Satgur Singh vs Vir Pal Kaur And Anr on 16 May, 2017

FAO-3302-2017 -1-

IN THE HIGH COURT OF PUNJAB HARYANA AT CHANDIGARH

FAO-3302-2017 (OM)

Date of Decision: 16.5.2017

Satgur Singh
….Appellant.

Versus

Vir Pal Kaur and another
…Respondents.

CORAM:- HON’BLE MR. JUSTICE AJAY KUMAR MITTAL.
HON’BLE MR. JUSTICE HARINDER SINGH SIDHU.

PRESENT: Mr. Amit Kumar Walia, Advocate for the appellant.

AJAY KUMAR MITTAL, J.

1. Having lost before the trial court in a petition under Section 25

of the Guardian and Wards Act, 1890 (in short “the Act”) for the custody of

minor son Harmandeep Singh, the appellant-husband has approached this

Court by way of instant appeal challenging the judgment dated 1.3.2017

passed by the Additional Civil Judge (Senior Division), Sangrur (exerising

the powers of Guardian Judge under the Guardian and Wards Act).

2. Put shortly, the facts necessary for adjudication of the instant

appeal as narrated therein may be noticed. The marriage of the appellant

with respondent No.1 was solemnized on 29.9.2006 at village Phalera,

Tehsil Sunam, District Sangrur as per Sikh rites by Anand Karaj ceremony.

From the said wedlock, a minor son, namely, Harmandeep Singh was born

on 10.7.2008. The appellant had a right to seek the custody of his minor

son being natural guardian and had no adverse interest to that of minor.

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Respondent No.1 was a short tampered lady and had left her matrimonial

home without any reason in December, 2008 along with the minor son. The

appellant took panchayat on 31.5.2009 to village Phalera but respondent

No.1 refused to join his company. She had also filed an application under

Section 125 of the Code of Criminal Procedure and the appellant had filed a

petition under Section 9 of the Hindu Marriage Act, 1955 (in short “1955

Act”). Lateron, the parties had effected a compromise and both the petitions

were withdrawn by the respective parties. Thereafter, respondent No.1

joined the company of the appellant and after living for about 15 days with

the appellant, she had left the matrimonial home. She had also levelled

allegations against the appellant and his family by moving an application

before the Senior Superintendent of Police, Sangrur. Again, a compromise

was effected between the parties and as per the said compromise,

respondent No.1 agreed to live separately from the appellant and to get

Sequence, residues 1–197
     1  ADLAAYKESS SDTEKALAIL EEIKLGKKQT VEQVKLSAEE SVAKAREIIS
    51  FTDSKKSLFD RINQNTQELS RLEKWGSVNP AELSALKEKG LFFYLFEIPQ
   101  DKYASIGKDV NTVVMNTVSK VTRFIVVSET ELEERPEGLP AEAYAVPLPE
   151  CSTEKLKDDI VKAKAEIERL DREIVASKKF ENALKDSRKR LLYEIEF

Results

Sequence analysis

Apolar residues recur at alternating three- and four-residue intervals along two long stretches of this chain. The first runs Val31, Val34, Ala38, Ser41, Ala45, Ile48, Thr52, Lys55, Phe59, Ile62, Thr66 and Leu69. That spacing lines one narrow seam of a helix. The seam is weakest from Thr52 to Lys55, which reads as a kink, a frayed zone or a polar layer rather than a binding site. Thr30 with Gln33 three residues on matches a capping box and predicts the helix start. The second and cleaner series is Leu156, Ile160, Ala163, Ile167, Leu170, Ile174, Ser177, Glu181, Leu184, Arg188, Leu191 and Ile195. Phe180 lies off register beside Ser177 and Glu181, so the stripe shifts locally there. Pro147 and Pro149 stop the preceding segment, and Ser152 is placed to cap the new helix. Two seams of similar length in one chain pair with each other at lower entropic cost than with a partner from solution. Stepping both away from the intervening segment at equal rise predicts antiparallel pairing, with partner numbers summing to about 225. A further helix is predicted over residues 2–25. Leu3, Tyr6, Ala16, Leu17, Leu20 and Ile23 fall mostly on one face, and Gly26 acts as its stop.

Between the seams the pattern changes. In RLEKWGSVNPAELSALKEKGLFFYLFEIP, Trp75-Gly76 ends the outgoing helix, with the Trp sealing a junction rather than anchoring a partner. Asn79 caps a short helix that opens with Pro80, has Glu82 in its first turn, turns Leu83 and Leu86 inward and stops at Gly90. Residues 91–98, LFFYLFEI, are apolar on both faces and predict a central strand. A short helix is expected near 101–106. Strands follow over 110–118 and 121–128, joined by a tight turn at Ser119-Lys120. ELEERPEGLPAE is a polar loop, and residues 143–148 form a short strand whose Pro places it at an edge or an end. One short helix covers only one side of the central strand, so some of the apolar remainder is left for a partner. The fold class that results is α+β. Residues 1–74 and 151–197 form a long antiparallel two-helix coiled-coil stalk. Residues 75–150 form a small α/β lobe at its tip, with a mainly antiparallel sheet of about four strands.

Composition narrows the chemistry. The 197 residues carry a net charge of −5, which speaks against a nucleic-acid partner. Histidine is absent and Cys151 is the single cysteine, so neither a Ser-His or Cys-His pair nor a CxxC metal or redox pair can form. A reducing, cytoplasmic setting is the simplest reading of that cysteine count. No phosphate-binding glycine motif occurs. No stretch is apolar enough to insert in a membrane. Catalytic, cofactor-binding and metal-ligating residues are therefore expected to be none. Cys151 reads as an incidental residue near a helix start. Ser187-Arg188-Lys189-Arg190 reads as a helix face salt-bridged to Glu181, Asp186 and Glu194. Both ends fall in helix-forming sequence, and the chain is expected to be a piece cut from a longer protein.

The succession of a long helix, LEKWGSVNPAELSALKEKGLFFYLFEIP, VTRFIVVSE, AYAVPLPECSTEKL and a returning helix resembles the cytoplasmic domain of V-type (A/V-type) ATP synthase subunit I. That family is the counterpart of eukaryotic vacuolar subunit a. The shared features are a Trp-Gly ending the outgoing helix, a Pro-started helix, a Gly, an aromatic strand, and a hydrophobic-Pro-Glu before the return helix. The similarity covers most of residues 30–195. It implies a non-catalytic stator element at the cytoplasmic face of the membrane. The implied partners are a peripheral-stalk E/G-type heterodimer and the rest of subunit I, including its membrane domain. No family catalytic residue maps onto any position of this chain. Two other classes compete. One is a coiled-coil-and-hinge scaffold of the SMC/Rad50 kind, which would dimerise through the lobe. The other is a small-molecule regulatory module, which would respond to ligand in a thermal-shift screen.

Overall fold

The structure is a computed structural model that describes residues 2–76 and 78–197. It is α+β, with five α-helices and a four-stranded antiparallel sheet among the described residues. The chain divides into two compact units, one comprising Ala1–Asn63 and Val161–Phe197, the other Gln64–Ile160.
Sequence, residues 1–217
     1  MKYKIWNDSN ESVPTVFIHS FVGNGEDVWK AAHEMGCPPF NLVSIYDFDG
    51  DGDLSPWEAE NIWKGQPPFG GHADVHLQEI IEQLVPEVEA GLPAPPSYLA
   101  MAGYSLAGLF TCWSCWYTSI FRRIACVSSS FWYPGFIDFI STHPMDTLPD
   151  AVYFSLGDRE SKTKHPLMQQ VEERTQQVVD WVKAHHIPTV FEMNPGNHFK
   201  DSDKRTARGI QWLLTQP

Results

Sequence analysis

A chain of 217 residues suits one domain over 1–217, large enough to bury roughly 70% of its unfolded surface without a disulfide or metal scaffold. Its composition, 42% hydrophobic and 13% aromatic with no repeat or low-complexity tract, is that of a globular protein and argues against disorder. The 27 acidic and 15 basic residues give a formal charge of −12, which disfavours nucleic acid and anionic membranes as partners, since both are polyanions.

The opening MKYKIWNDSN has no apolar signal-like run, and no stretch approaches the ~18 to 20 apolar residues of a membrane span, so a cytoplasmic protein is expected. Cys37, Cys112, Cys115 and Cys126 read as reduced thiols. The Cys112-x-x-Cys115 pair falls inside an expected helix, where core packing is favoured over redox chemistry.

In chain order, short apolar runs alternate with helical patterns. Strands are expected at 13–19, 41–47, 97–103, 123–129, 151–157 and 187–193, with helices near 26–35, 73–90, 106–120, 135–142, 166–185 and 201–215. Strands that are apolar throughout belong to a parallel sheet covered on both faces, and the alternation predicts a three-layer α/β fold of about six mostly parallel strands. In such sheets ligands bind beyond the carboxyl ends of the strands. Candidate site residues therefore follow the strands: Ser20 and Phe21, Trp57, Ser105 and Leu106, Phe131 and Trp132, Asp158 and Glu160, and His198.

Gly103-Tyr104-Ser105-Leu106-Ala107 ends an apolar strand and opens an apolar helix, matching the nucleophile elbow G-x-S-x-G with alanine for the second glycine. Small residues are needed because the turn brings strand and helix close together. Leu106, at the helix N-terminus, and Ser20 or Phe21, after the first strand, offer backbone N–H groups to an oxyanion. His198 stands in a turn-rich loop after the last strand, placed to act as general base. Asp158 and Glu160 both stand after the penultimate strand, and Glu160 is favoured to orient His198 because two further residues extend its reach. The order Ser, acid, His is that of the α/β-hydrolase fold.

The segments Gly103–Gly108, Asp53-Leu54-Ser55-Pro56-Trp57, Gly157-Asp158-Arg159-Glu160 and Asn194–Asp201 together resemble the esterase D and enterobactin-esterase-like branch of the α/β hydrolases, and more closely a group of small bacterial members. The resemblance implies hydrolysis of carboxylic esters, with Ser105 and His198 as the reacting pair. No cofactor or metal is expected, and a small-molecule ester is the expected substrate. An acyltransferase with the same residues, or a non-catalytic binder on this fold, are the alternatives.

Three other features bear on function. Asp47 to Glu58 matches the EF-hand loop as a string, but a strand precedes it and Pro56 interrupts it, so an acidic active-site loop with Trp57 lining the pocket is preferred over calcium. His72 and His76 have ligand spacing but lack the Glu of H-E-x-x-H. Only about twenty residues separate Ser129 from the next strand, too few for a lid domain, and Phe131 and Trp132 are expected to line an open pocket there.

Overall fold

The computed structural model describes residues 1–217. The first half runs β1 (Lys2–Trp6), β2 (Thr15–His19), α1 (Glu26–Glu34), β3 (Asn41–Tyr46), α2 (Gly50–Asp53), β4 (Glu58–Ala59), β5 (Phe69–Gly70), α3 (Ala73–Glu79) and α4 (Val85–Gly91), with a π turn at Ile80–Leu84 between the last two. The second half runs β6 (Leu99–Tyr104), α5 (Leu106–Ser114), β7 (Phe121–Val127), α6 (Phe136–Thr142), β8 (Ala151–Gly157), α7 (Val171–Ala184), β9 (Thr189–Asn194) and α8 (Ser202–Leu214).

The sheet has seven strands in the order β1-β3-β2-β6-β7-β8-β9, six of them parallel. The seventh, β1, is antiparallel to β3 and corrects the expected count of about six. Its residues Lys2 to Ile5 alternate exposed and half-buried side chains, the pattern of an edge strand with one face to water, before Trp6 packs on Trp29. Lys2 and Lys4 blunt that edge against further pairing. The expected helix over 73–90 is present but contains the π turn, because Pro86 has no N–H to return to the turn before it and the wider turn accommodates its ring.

divorce and all the disputes were settled between them. The appellant and

respondent No.1 filed a joint petition under Section 13B of the 1955 Act but

the appellant backed out from the compromise and withdrew the said

petition. Respondent No.1 filed a petition under Section 13 of the 1955 Act

and during the pendency of the said petition, a compromise was effected

between the parties and the said petition was converted into a petition under

Section 13B of the 1955 Act. The said petition was allowed by the trial

court vide judgment and decree dated 4.4.2012 and the marriage between

the appellant and respondent No.1 was dissolved by a decree of divorce by

mutual consent. However, the parties could not make any settlement

regarding the future custody of the minor and the said issue was left open.

According to the appellant, respondent No.1 had no interest in the well

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being of the minor son and she was neither providing any maintenance nor

any education to him. The appellant being father of the minor had great

READ  State Of Maharashtra vs Ashok Narayan Dandalwar on 27 April, 2000

love and affection and wants to keep his custody with him as he had good

source of income and was doing the business of electronics. He requested

respondent No.1 to handover the custody of the minor but to no effect.

Accordingly, the appellant filed a petition under Section 25 of the Act

seeking custody of the minor. The said petition was resisted by respondent

No.1 by filing a written statement. Besides raising various preliminary

objections, it was pleaded that the appellant was a man of bad habits and

used to give beatings to respondent No.1. The appellant filed a petition

under Section 9 of the 1955 Act whereas respondent No.1 filed a petition

under Section 125 of the Code of Criminal Procedure but lateron both the

petitions were withdrawn on account of compromise having been arrived at

between the parties on 31.10.2009. Respondent No.1 along with the minor

son joined the company of the appellant but after few days, the appellant

turned out of respondent No.1 from the matrimonial home along with the

minor son. It was further pleaded that due to intervention of the

respectables, the parties had agreed to get the divorce by mutual consent and

filed a petition under Section 13B of the 1955 Act for a decree of divorce by

mutual consent. However, the appellant backed out from the compromise

and withdrew the said petition. Thereafter, respondent No.1 filed a

petition under Section 13 of the 1955 Act and during the pendency of the

said petition, a compromise was effected between the parties and all the

claims were settled. As per the compromise, the minor son was to reside

with respondent No.1. The said petition was converted into a joint petition

under Section 13B of the 1955 Act on the basis of the said compromise.

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The parties had got recorded their respective statements of first motion on

24.9.2011 and the second motion on 30.3.2012. Both the parties had got

solemnized their second marriage. The future of minor son was secure in

the hands of respondent No.1. The other averments made in the petition

were denied and a prayer for dismissal of the same was made. From the

pleadings of the parties, the trial court framed the following issues:-

1. Whether the petitioner is entitled to the custody of

minor son, Harmandeep Singh from respondent

no.1 Virpal Kaur? OPP

2. Whether petitioner has no cause of action and

locus standi to file the present petition? OPR

3. Whether the petitioner has not come to the Court

with clean hands and is guilty of suppressing the

true and material facts from the Court? OPR

4. Whether the petition is not maintainable in the

present form? OPR

5. Whether the petitioner is estopped from filing the

present petition by his own act and conduct? OPR

6. Relief.

3. In support of his case, the appellant besides tendering

documents Ex.P1 to Ex.P7, examined himself as PW1, his father Ajaib

Singh as PW2 and Inderpal as PW3. On the other hand, respondent No.1